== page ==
Continuing the series of origin issues, the latest one features Robotman, perhaps one of the most intriguing members of the All-Star Squadron. While his origin has been touched upon before, it never went into the depth that this story does and it is quite fascinating in a Frankenstein kind of way to see just how it all comes about. While the tale is filled with action and self-discovery, there is a bit of tragedy too as once Bob Crane’s brain is transplanted into his robot body, his entire life changes and whether that is for good or bad remains to be seen. For one, there is no going back as his human form has died. Everything that he might experience as a man is now gone, though his experiences of living as a somewhat superior being are just beginning. With his body dead and buried, so is the love he felt for his girlfriend, who thinks he has been murdered and any future he might have had with her is essentially buried the same as his mortal form. The good thing about it all is that we as readers know what will happen to him, that being his adventures with the Justice Society and the All-Star Squadron. One thing that we do not really see in this issue are the psychological effects that being murdered one moment and waking up a robot the next would have on Bob. Though it is has been shown a little bit here and there over the course of the series, another issue to focus on Robotman and his state of being would have been great to see, but being what it is, a superhero title fashioned in the classic sense, that might be asking for a little too much. Though these origin issues have made for fantastic reading, it will be nice to get back to a regular story, if that should be what author Roy Thomas has in mind for the rest of the series which is fast coming to its conclusion. Definitely a really great story and it is nice to see Robotman get the spotlight.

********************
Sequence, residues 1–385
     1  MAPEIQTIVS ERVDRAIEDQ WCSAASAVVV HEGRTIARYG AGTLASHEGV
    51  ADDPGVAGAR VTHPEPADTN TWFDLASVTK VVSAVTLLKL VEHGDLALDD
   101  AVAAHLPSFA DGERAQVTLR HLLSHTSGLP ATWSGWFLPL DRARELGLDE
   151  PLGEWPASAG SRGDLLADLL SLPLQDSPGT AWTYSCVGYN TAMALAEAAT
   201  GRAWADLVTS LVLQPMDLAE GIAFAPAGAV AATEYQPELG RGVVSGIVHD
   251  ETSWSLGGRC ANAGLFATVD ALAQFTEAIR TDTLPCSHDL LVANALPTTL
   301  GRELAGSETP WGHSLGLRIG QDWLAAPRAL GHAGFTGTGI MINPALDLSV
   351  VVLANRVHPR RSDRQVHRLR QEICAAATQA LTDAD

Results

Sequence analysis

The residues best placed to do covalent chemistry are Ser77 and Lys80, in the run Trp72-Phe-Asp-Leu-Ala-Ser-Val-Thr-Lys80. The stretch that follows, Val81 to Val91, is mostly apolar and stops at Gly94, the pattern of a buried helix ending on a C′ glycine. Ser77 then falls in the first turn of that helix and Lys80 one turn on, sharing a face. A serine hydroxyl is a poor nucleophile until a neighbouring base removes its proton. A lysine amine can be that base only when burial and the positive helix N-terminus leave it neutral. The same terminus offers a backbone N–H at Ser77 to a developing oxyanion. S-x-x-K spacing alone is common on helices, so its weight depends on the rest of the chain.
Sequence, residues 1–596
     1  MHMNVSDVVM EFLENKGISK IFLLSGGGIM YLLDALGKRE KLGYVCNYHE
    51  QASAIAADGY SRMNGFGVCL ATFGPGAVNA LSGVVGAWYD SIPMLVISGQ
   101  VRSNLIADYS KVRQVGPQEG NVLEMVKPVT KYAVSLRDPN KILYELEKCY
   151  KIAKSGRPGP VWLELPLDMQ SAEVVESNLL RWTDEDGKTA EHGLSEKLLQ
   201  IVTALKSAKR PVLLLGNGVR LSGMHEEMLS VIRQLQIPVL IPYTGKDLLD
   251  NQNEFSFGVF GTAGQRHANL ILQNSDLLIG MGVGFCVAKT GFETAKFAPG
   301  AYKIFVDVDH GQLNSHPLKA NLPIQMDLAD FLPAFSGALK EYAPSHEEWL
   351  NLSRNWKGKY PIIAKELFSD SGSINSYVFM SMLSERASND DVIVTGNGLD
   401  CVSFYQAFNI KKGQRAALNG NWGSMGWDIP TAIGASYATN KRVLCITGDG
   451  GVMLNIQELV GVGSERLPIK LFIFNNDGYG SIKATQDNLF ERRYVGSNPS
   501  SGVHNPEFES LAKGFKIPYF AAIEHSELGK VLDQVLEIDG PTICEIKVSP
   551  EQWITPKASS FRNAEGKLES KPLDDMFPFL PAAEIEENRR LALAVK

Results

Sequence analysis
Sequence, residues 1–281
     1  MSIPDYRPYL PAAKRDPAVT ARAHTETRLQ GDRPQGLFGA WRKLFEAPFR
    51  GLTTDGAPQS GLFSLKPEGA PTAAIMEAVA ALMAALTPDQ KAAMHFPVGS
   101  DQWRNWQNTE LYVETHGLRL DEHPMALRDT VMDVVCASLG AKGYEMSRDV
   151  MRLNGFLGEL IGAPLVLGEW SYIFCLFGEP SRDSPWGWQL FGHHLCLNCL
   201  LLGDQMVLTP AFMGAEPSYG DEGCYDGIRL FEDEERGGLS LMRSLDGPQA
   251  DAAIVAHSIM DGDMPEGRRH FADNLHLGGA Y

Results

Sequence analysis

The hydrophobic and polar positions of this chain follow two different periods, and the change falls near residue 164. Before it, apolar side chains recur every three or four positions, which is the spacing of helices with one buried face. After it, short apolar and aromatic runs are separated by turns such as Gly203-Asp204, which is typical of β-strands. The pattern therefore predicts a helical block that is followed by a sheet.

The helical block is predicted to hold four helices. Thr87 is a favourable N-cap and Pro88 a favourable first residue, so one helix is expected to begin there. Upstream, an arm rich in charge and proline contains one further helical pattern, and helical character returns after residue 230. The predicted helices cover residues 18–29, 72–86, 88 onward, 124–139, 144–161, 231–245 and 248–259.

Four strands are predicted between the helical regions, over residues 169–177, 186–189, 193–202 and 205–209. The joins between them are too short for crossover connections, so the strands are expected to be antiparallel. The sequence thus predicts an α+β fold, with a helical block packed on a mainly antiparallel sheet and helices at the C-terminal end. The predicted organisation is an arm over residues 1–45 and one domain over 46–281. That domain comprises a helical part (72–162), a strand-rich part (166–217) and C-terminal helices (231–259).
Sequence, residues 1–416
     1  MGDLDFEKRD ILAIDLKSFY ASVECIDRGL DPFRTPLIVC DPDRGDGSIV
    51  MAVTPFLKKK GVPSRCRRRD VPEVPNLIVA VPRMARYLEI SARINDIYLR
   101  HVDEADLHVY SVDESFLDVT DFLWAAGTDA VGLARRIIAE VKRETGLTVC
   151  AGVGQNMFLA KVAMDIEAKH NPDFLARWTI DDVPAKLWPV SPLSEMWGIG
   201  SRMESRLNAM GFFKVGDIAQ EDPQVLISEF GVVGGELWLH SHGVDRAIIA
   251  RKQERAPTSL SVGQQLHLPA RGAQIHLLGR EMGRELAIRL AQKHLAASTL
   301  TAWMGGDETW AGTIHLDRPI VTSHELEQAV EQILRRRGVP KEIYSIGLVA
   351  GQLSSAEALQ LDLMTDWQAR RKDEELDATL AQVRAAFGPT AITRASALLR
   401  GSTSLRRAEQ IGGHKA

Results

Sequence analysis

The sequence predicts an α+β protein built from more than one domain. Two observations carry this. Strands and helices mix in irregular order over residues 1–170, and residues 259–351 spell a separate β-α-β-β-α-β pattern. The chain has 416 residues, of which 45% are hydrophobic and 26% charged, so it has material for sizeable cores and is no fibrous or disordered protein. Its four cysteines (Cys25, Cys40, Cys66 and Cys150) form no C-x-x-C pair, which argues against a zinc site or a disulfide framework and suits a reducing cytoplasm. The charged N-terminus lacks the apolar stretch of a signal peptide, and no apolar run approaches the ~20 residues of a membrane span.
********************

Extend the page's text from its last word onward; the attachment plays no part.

4 out of 5